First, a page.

It's that time of year again—holiday office party season is in full swing. But there's no need to get stressed about it.
We have collected past holiday office party etiquette advice from two experts—Miss Conduct columnist Robin Abrahams and Etiquette at Work columnist Peter Post.
Read on for what to do—and what not to do—at your office party. Next
Don't drink too much
Even small quantities of booze can loosen inhibitions and lead you to do things you'll wish you hadn't, wrote Peter Post.
Robin Abrahams adds that if you're in a workplace where people do drink a lot, get something like a rum and Coke or gin and tonic for your first drink, then stick to plain Coke or tonic after that. This way no one will know how much you're not drinking. Next
Get a sense of formality beforehand
You don't want to be wearing an elf sweater and earrings with blinking Rudolph noses when everyone else is in sleek suits, or vice versa, advises Robin Abrahams.
Shown: Suzi Hansen and her husband, Allen Hansen, ride a tandem bicycle dressed as grinches. Next
Be prepared for small talk
Peter Post advises that you have several topics, questions, or comments in mind when you arrive at the party. Also, make an effort to strike up conversations with people you don't know. Next
If there's karaoke, participate
It's just good office politics, says Robin Abrahams. It shows you're a team player and not excessively risk-averse.
Shown from left: Jonathan Noel, Johnny Snapps, Mike Hartford, and Roger Fisk of The Popgun Seven rehearsing for a Holiday Party. Next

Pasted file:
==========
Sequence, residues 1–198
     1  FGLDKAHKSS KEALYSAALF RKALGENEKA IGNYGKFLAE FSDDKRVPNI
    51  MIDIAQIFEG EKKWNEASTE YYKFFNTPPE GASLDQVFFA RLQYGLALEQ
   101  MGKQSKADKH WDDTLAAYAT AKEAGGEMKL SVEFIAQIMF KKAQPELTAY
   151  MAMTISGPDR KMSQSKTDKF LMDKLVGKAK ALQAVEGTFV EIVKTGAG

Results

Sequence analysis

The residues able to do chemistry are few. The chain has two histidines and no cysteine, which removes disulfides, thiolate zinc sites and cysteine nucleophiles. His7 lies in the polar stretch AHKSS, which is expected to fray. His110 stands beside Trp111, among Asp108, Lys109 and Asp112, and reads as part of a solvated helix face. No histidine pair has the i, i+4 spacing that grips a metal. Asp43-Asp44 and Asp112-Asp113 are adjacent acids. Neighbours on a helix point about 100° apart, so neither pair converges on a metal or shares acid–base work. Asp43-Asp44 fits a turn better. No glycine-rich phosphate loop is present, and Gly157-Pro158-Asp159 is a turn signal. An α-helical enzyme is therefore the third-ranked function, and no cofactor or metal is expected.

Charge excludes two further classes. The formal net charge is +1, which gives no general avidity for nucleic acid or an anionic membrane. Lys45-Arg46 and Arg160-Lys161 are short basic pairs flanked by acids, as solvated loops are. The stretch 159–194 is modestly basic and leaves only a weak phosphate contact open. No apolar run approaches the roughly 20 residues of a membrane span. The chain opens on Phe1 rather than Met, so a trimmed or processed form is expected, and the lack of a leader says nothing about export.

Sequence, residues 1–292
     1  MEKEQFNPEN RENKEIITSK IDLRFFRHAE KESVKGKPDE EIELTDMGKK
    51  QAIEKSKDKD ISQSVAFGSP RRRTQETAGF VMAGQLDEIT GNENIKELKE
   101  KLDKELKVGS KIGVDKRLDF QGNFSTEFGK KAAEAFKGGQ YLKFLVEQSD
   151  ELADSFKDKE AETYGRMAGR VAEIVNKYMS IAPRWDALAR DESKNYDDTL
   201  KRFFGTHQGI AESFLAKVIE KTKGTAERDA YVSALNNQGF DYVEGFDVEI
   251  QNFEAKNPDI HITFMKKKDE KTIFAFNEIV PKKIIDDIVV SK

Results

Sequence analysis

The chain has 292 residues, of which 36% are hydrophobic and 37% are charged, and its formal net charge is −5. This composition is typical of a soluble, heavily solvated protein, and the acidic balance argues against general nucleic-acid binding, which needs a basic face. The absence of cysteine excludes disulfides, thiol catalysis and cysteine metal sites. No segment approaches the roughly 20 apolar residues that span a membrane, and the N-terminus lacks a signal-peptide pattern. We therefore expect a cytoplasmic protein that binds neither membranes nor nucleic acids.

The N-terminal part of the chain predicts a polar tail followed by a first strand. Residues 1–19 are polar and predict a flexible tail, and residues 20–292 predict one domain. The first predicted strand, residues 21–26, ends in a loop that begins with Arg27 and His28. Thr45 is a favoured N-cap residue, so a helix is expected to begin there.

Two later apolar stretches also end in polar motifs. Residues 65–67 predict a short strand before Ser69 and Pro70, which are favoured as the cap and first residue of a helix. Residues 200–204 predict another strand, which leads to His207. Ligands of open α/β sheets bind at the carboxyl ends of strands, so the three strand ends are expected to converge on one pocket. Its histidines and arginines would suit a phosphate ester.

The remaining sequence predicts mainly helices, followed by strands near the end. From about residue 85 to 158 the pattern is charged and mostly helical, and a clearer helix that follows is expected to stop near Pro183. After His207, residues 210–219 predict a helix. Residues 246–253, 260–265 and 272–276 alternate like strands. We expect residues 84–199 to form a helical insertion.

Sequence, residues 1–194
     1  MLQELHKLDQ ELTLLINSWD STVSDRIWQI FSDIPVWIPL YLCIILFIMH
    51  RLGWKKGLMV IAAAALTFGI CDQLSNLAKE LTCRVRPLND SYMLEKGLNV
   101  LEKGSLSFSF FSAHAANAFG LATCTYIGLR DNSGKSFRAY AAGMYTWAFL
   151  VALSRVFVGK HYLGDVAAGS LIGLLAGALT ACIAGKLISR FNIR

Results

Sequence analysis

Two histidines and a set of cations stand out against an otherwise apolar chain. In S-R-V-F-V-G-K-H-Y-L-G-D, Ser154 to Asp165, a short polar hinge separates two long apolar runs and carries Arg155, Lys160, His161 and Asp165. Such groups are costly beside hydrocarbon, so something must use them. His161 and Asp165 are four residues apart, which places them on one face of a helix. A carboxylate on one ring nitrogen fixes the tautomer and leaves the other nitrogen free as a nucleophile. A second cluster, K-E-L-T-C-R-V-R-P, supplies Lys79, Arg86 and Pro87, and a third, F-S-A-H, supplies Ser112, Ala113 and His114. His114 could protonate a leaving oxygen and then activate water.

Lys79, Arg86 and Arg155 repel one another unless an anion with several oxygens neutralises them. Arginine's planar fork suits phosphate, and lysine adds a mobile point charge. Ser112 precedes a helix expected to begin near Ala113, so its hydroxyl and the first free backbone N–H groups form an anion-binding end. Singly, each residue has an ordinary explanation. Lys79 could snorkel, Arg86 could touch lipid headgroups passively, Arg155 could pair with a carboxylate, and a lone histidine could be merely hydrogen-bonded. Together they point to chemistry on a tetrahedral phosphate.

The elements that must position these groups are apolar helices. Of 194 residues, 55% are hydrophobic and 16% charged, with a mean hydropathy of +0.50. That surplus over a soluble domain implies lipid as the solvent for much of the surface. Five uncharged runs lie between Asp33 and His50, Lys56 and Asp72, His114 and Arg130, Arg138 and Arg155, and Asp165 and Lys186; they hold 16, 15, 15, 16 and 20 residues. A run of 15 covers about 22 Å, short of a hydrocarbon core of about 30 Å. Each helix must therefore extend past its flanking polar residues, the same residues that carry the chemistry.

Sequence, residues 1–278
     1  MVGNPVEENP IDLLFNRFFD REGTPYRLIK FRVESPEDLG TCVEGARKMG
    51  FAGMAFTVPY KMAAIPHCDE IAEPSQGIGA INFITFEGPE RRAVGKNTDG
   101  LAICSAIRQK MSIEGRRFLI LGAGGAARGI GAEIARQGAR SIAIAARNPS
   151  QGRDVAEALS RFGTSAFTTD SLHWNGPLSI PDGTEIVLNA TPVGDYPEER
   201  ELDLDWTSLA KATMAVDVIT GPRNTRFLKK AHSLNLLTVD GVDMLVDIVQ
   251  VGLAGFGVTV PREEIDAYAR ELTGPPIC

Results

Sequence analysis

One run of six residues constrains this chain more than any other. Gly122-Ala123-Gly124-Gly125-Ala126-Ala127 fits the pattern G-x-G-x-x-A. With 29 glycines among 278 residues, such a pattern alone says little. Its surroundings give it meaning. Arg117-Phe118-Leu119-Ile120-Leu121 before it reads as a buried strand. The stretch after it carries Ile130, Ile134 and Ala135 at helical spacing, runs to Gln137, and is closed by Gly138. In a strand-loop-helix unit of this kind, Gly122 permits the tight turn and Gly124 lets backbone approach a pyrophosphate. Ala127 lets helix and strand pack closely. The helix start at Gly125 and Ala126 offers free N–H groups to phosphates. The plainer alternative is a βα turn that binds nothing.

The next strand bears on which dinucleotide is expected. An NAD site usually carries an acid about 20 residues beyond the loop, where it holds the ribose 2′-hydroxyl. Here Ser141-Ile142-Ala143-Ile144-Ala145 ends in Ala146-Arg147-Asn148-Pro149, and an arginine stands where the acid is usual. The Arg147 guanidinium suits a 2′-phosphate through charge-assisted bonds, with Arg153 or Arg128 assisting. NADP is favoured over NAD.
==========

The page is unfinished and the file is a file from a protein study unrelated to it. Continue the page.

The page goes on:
Don't host party at inappropriate venue
Don't have the office party at Hooters, or any other place that will make some members of your staff uncomfortable, Robin Abrahams advises. Next
Don't get religious
Robin Abrahams says that if you're throwing the party or in charge of planning it, keep the decorations generic and secular (evergreens, lights) unless yours is a religious workplace. Next
Keep to the guest list
Don't ever bring uninvited guests (spouses, children, even clients) to the office party, Robin Abrahams advises. Next
Give a group gift to the boss
Individual gifts to a superior can quickly turn into a competition in which employees try to outdo each other with the best "boss gift," Peter Post says.
Instead, get together with your colleagues and purchase a joint gift. That way, you'll also avoid any appearance of trying to curry favor. Next
No gag gifts
If your office participates in a Secret Santa, don't give joke or passive-aggressive gifts, such an alarm clock for the person who's always late, Robin Abrahams says.
Shown from right: Workers at Conventures enjoy a rather sedate holiday party with a Yankee swap. Next
No personal items as gifts
Lace underwear, cute boxer shorts, perfume, or cologne could be misconstrued as an unwanted overture, says Peter Post. Choose something nonpersonal, such as tickets to a movie or a play, a gift certificate to a restaurant, a picture frame for a desk, or similar gifts. Next
Give gifts privately
Peter Post advises that if you want to give a gift to a co-worker and you're not giving gifts to other co-workers, give the gift privately away from the office. That way you won't be slighting the co-workers you're not exchanging gifts with. Next
Thank people sincerely
Peter Post says that you should thank the organizer of the office party, your "Secret Santa," your boss, and anyone else at your office who was instrumental in making the holidays a little more joyful at work. Next
Remember: It's still work
You're not at the office party to have fun, you're there to act like you're having fun. Never forget that it's work, says Robin Abrahams.
Peter Post also cautions that no matter how festive the atmosphere, your holiday office party is still a business event. Back to the beginning
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